A wonderful bird is the pelican,
His bill can hold more than his belly can,
He can take in his beak,
Enough food for a week,
But I’m damned to see how the hell he can!

  The brown pelicans look very similar to the white in silhouette, but differ in plumage, behavior, and range.  The brown are frequently seen in small groups coasting smoothly over a southern shore.  Spotting a fishy morsel they’ll fold their wings (looking like a hipped umbrella) and dive into the sea.

  The white don’t dive, but oh do they soar.  Individuals or small groups rise on thermals so high and with such a complete lack of apparent effort that they resemble lower case ‘t’s floating at the outer ranges of one’s field of vision.  Larger groups closer to the ground form slowly pulsing or undulating chevrons.     

  Squadrons sometimes slowly describe circles in the sky suddenly changing from black to white and back depending upon their aspect to the sun. Large groups form gently rotating cylinders suspended in the air which bring to mind a friendly tornado in very slow motion.  

  I have no recollection of having ever seen them during my youth.  Thus, every spring as they pass through these parts I have to re-convince myself that their visit is no freak of nature.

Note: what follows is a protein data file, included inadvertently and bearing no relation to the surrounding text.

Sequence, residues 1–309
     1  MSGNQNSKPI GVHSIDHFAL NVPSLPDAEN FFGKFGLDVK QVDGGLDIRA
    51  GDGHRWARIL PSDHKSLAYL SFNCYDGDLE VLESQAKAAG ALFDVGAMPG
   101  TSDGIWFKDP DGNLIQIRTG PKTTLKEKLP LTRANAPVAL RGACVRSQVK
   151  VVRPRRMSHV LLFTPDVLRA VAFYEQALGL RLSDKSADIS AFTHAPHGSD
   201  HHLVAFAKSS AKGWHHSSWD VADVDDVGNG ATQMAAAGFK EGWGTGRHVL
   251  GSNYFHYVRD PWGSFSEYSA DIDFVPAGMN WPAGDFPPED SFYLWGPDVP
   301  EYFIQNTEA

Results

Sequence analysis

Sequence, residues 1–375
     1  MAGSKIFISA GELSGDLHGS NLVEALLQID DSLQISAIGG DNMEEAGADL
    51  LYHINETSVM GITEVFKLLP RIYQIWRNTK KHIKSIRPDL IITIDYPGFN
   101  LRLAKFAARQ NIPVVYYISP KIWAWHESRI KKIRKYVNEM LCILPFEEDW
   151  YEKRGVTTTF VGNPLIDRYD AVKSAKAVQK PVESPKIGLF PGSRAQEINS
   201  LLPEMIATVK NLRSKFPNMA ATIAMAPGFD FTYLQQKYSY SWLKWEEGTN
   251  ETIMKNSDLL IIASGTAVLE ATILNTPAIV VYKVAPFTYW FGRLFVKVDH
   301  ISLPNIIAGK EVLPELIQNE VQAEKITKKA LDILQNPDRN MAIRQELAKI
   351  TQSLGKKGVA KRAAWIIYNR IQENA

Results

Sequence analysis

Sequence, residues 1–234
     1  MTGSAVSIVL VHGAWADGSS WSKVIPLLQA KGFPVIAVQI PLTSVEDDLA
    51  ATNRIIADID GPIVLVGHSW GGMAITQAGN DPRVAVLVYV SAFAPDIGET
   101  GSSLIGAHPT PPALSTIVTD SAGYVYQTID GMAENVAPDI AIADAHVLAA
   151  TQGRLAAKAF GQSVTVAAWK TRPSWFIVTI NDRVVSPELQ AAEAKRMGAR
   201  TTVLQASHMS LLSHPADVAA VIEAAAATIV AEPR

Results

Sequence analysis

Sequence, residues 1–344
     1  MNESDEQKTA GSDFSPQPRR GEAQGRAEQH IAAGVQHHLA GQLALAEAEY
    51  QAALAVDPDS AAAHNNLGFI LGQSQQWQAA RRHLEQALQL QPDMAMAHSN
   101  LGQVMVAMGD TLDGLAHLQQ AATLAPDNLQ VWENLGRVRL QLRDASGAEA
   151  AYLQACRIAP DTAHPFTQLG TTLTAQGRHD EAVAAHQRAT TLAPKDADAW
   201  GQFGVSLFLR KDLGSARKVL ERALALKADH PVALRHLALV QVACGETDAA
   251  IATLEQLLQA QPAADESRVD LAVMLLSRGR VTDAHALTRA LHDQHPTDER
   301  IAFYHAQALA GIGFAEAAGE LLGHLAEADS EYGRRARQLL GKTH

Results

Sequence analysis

Reminds me of a passage in Robert Coles’ Spiritual Life of Children.  The Harvard psychiatrist interviewed children of widely diverse religious and secular backgrounds for insights into their inner lives and world views.  My favorite bit is of his time with an eight year old Hopi girl sitting outside her spare home high on a mesa. 

  As they talked, she noticed a pair of hawks soaring high above.  Then silent, she followed their graceful flight until the raptors were out of sight and then said: “I guess they’ll find something to eat.  I wish they were just going on a ride and not really hungry.  I love when they glide, then stop, flap their wings, and continue gliding.”

    The conversation then resumed for a time when of a sudden she stopped talking and “Her head turned about forty-five degrees to the left, she looked up – the hawks had returned.  How had she known?”

  Coles concludes:  “Some young people go through intense visionary moments… These are times when a mix of psychological surrender and philosophical transcendence offers the nearest thing to Kierkegaard’s “leap of faith” I can expect to see”.

  Do you recall having had such a moment at the ripe old age of eight?  Or later?  How likely can one be for those continuously perched in front of any sort of tube?  Is there a cerebral analogue to Fast Food Nation and obesity?  Remote Control Nation and, like, uh, uh, say what??

Monkey See…

May 16, 2008

  In the May 12, 2008 issue of the New Yorker Malcolm Gladwell (author of bestsellers The Tipping Point and Blink) has an interesting article about the simultaneous spontaneous generation of scientific insights.  We associate the invention of the telephone with Alexander Graham Bell and evolution with Darwin.  But an Elisha Gray filed a patent for his version of the telephone on the same day as Graham.  The two had never met.  Alfred Russel Wallace developed a theory of evolution without any knowledge of Darwin or the Beagle.  Turns out that the “phenomenon of simultaneous discovery [is] extremely common.”  The other examples he goes on to cite amaze.